The Chinese were masters of metalworking and silk production. They were the first of all nations to learn these skills before reaching other parts of the world. According to legend, Chi You, a powerful warrior, was the first to discover ways to process the metal, and Tsang Nu revealed the secrets of silk fabrics.
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Chi You had incredible strength, but his appearance was bizarre – with a bull’s head and horns. Some said his head was made of bronze and his horns of iron. He had seventy-two brothers who did not yield in strength and awe. Their strength increased by feeding on stones and inflicting heavy damage on their opponents when they simply pushed them with their heads.
A strong earthquake shook one of China’s highest mountains, Li. Rock debris and streams of water scattered everywhere through the cracks freed from the earth’s solid. Then a liquid unknown to anyone gushed from the bowels of the earth. Warrior Chi You went to the mountain and realized that it was molten metal. He remembered that metal could be used to make various things of great value to mankind, and he soon taught people how to make swords, spears, spades, and body armor.
People quickly acquired armor and weapons, but also realized that they could help themselves in everyday life – they began to make knives, hoes and plowshares. Thus, thanks to Chi You, Chinese civilization developed very rapidly and was the most advanced in the world.
However, Chi You had one thing in mind for power – because he lived in the time of the Yellow Emperor Huangdi, and envied him. He wanted to be emperor of all China and led his terrible seventy-two brothers against the Yellow Emperor. It was a terrible battle, and it was as if Chi You and his brothers prevailed, and Chi You himself had the ability to cause a fog to fall – to have a strategic advantage over the emperor.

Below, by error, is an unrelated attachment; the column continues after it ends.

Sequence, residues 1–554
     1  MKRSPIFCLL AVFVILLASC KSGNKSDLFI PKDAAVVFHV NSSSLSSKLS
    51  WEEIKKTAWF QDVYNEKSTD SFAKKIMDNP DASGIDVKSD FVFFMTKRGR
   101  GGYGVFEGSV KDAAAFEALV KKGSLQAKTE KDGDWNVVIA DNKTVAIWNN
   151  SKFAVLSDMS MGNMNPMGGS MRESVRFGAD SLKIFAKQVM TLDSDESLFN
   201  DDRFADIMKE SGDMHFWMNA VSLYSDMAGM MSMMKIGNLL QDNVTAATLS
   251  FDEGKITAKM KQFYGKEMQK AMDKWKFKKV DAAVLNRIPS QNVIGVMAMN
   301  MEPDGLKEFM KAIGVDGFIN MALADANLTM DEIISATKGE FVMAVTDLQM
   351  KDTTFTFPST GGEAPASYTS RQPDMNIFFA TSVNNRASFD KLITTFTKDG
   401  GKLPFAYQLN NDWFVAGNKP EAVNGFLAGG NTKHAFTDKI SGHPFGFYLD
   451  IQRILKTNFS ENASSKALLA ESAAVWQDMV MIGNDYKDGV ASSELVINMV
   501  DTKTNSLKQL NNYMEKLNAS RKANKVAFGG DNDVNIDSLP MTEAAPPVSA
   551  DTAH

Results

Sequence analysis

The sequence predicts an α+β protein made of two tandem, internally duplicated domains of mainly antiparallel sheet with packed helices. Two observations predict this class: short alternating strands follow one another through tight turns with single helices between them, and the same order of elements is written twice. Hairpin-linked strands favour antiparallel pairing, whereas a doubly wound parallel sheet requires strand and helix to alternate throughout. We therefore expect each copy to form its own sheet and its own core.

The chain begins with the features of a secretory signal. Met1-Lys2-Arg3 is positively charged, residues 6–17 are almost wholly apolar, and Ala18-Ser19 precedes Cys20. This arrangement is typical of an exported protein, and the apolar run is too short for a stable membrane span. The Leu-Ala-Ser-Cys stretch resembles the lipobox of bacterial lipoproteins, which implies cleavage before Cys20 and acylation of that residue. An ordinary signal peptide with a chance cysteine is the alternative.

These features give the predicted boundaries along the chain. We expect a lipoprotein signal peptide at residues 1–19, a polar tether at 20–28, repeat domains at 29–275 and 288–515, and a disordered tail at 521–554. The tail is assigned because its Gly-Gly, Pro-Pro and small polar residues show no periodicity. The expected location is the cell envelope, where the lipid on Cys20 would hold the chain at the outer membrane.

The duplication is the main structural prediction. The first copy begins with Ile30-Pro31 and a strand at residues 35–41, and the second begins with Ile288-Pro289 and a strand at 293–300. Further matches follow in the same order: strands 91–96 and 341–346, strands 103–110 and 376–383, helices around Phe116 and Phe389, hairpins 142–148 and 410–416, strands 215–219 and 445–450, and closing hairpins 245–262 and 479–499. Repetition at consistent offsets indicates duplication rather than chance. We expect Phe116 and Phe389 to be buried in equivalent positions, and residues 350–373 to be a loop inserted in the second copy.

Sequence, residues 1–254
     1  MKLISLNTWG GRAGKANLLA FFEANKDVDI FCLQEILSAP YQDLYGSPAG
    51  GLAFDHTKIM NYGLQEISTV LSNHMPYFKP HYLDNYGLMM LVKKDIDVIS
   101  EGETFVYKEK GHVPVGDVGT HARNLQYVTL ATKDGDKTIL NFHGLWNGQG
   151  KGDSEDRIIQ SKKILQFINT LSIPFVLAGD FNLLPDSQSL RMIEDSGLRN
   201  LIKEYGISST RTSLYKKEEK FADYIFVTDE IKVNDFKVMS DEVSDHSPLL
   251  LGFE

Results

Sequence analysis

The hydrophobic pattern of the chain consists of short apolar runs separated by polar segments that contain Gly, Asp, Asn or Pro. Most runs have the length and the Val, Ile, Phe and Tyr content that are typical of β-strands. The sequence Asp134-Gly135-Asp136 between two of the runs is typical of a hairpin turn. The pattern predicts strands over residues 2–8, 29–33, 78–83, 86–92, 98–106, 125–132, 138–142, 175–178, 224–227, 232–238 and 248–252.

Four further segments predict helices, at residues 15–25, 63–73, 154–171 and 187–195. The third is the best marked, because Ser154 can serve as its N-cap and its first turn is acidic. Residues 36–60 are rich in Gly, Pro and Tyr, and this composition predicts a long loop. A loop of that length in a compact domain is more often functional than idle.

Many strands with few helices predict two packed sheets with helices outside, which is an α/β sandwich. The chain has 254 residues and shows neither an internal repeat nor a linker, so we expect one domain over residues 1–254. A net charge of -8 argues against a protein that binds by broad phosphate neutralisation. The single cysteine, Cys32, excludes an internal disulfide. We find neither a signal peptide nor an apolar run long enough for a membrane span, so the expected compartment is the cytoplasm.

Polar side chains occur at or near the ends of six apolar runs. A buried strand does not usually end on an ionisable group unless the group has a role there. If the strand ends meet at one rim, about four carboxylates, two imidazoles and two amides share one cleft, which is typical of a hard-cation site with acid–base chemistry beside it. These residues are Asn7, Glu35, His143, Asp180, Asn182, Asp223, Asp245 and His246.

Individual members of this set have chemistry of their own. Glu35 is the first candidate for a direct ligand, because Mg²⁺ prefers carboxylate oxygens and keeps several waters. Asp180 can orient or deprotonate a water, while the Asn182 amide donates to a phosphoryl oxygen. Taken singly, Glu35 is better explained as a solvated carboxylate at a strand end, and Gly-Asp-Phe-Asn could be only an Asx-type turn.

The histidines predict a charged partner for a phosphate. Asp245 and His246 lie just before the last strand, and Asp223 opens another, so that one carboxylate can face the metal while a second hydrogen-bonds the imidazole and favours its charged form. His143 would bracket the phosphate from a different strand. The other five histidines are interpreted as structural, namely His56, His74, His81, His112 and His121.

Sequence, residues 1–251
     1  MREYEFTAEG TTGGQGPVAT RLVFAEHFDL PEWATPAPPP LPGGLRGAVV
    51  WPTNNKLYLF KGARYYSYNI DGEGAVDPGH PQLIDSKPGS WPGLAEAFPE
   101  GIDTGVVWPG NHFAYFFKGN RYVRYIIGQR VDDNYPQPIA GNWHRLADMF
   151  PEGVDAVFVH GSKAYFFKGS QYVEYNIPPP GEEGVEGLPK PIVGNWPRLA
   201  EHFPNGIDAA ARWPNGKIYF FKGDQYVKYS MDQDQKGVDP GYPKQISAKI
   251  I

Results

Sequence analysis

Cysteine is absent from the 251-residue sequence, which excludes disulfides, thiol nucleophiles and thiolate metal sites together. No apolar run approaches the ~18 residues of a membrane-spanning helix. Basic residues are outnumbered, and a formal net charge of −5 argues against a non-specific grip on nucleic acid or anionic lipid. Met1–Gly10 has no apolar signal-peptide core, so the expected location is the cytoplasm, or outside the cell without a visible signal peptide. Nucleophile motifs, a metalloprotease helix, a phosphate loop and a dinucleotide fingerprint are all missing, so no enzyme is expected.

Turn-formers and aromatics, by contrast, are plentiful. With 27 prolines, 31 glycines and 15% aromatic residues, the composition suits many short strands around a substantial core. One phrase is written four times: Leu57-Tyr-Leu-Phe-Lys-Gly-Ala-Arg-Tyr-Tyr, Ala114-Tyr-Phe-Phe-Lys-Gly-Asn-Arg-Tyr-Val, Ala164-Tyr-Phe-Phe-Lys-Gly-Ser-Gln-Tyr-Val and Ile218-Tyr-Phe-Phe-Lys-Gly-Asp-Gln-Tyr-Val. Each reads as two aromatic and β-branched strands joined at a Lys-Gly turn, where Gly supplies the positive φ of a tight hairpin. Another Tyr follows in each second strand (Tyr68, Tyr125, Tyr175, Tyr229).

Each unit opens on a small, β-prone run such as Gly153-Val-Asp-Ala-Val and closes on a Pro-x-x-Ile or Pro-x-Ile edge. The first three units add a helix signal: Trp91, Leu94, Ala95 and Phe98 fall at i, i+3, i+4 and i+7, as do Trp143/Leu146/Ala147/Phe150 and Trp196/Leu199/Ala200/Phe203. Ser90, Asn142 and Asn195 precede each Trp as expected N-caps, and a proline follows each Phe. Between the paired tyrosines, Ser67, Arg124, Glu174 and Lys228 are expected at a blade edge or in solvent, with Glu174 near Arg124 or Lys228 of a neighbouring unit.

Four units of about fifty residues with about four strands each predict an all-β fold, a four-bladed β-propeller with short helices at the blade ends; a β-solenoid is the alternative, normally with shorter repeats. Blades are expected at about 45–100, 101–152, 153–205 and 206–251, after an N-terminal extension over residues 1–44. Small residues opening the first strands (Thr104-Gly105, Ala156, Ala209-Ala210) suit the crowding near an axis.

They both fought for a long time, but in the end Huangdi won, although both armies were armed with Chi You’s discovery – metal weapons and armor. But the people forgave Chi You after his defeat because he taught them to process metal.
Tsang/Can Nu – The Silk God
Silk appeared in China by the most unusual consequence.
There was once a man who left home for a long time traveling to trade. However, his daughter was very sad for him and wanted him back. One day, while combing her horse’s mane, she vowed that whoever returned her father would marry him. The horse suddenly rushed outside and disappeared.
He raced until he reached the city where his father was. He, in turn, when he saw the horse, worried if something was going on at home and quickly set off home. The father returned with the horse, but all was well, and the daughter rejoiced at her father’s return. As a reward, they gave more hay to the horse that brought the father.
But the horse was sad and did not want to eat. No one guessed that the horse understood the daughter’s oath and wanted her for a wife. One day the father decided to stop the horse melancholy and slaughtered the animal. The daughter leaned over and mourned for the dead horse, but miraculously the horse’s skin came to life, wrapped itself around the daughter, and led her high into the sky.
The next day, a strange creature that looked like a butterfly with a horse’s head landed on a nearby tree. This was the daughter turned into the silkworm Tsang Nu. She showed her parents the fine thread she was producing, and they collected it and began to produce silk. So they lost their daughter, but got the silk.